The Adirondack Challenge had several events at or near Byron Park on Indian Lake. There was whitewater rafting, canoeing, kayaking, and other water events. At the park, there were exhibits of New York wines and foods, a watermelon eating contest, a dunking booth, and various bands playing bluegrass and other types of music. There were about 500 people there all having a good time. I stayed until 1:45, and then drove on route 28 to North Creek and up Gore Mountain.
Gore Mountain is a ski resort that also hosts various events in the summer. There was a New York produced wine and beer tasting that began at 2:30, where I met John Ettling (the president of SUNY Plattsburgh). Lots of state legislators were there to support the Adirondack Challenge, including Canton’s assemblywoman, Addie Russell. I had met assemblywoman Russell earlier in the week, when we got together to talk about higher education and economic development for St. Lawrence County. She is a strong supporter of the college, has lots of interesting ideas and is totally devoted to development for the region and serving its citizens. She serves as the chair of the Commission on Rural Resources, and is also on the Agriculture; Economic Development; Energy; and Veterans’ Affairs Committees, among many others. I saw here again at the Halford Hall dedication, so this was three times in four days!
The luncheon began at 3:00, consisting of New York produced sausage, pulled pork, and beef brisket. After lunch there were various awards given for the people who participated in the whitewater rafting competition, with the race between Governor Cuomo and Vermont’s Governor Peter Shumlin declared a tie—both finishing the course at 19 minutes and 20 seconds. Governor Cuomo then gave a well-received short speech about economic development in the Adirondack region, an area to which he has devoted considerable attention.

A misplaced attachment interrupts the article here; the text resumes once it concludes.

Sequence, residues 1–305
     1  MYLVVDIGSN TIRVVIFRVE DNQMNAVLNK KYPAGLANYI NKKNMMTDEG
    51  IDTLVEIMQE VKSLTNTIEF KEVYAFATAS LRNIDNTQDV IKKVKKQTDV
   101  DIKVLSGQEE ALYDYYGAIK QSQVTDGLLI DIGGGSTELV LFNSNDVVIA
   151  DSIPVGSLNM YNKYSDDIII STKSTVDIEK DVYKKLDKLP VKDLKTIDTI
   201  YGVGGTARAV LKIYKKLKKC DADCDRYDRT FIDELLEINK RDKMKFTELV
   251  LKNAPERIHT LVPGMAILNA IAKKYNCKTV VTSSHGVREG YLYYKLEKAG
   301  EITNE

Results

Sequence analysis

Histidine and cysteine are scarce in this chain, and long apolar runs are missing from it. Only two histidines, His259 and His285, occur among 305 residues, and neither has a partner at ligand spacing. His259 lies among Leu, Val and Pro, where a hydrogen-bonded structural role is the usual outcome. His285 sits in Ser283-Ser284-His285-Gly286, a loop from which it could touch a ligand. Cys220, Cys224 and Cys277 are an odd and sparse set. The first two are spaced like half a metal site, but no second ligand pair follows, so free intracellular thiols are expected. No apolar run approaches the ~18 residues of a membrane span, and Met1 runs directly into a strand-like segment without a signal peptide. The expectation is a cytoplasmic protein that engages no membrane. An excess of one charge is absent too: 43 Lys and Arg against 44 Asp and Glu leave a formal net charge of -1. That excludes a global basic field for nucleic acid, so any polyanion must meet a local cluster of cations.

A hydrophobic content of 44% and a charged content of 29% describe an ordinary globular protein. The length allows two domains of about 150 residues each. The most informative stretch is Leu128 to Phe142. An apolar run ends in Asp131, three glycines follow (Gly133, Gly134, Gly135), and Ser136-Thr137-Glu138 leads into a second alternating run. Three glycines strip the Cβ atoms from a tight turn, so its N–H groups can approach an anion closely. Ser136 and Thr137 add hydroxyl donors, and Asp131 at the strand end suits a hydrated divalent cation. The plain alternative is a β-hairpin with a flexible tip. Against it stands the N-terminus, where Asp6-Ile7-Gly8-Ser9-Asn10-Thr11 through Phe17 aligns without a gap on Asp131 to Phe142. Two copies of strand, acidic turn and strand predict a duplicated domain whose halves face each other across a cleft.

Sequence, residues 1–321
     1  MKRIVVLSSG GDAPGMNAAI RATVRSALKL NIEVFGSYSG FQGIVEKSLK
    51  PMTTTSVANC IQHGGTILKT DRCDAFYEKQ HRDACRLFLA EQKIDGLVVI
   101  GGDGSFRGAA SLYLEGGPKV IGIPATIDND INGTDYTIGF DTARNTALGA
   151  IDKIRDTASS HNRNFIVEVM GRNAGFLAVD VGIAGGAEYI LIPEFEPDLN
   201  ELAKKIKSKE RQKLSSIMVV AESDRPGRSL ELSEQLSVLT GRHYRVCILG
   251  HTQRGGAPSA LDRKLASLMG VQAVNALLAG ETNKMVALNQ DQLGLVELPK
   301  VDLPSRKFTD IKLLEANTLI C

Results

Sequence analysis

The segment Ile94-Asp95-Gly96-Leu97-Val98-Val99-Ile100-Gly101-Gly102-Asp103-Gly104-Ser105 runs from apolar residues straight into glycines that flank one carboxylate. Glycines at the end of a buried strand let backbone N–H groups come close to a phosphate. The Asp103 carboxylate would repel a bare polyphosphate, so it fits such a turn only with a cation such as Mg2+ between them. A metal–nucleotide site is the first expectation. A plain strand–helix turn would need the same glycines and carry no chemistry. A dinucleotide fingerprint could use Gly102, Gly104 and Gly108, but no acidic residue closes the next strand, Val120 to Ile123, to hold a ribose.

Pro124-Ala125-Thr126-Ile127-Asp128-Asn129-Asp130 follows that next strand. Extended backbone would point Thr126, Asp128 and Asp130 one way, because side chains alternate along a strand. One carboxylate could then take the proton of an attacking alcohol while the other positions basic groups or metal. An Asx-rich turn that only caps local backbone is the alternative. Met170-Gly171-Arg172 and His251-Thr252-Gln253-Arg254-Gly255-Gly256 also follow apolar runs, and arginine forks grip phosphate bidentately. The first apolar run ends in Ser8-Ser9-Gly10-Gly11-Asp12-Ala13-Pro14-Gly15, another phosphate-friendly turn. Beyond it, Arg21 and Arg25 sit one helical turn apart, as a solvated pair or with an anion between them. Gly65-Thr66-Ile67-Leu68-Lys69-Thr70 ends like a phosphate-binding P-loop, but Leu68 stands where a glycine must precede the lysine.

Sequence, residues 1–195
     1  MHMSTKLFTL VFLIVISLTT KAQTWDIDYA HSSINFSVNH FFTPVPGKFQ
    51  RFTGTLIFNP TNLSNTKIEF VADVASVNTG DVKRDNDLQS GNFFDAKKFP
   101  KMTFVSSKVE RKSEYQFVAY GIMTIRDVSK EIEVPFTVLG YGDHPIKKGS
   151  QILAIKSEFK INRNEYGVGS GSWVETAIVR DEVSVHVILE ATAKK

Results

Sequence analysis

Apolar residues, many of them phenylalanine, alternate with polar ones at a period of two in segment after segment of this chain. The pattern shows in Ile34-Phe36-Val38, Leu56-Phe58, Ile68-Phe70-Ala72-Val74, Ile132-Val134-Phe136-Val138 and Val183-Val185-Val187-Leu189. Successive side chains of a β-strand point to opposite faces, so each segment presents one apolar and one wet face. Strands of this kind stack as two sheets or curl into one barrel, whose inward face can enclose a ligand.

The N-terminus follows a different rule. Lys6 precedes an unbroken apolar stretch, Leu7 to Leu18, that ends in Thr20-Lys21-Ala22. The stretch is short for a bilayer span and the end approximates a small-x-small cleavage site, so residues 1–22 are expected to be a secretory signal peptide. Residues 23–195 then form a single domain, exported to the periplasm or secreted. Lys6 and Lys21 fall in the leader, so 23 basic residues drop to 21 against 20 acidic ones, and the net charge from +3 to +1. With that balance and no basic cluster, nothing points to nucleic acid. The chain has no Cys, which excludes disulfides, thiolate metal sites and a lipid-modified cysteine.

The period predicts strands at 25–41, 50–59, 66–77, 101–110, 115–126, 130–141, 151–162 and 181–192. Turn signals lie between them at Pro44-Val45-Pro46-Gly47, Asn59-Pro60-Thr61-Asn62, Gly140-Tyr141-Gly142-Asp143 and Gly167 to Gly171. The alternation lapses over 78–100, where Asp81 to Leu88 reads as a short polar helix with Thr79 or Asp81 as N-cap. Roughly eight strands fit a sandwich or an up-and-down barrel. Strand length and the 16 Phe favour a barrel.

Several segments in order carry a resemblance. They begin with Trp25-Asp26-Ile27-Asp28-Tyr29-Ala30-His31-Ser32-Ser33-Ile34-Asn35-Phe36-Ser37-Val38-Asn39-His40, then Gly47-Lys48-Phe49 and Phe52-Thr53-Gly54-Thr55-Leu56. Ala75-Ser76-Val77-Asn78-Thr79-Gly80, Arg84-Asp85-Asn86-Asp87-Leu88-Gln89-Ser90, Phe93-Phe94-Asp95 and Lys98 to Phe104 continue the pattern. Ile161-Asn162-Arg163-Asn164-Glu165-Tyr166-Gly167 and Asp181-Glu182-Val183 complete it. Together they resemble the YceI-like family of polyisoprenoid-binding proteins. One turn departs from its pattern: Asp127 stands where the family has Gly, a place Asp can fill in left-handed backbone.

After the luncheon, I was happy to see SUNY Chancellor Nancy Zimpher once again. We had a nice chat, and she said she was looking forward to our working to grow the college and promised her support for our efforts. I also met Onondaga County Executive Joanie Mahoney (love that name!), where my home town of Syracuse is located. I’m looking forward to working with her and the various higher education leaders in the county to set up some partnerships.
After the reception, I took the gondola up to the top of Gore Mountain to see the view from there—on a clear day, you can easily see all the way into Vermont. I chatted with the other two people in the gondola on the way up, and found that one, Michael Blanchard, was a SUNY Canton graduate and the other, Meg LeFevre, has two brothers (Matt and Bobby LeFevre) who were CET graduates from Canton. Meg is an editorial coordinator with the Northeast Group. When I reached the top, I met Mr. and Mrs. Sam Wright, also Canton grads. On the way down from the mountain, Laura Cerruti shared the gondola with me. Guess which college she is attending? Yep—Canton. It’s a small world! I left Gore Mountain at about 6:00 PM, and made it back to Canton at about 8:00 PM, exhausted but happy.
Michael Blanchard and Meg LeFevre
Special Geology Note
While on top of Gore Mountain, someone pointed out that the area was rich in garnets and with minimal looking around, I was able to pick up a few pieces of garnet schist. For those who don’t know, the garnet is the official gemstone for New York. It turns out that Gore Mountain is also the home of the historic Barton Mines, established in 1878, the oldest family owned and operated mine in the United States. The mines are located in North River, just a little bit north of the ski resort, and the garnet crystals there are the largest in the world. Tours are available from June 30th to Labor Day, so you can find your own gemstones. Lisa and Dallas—I’ll expect a visit any day now—the entry fee is on me!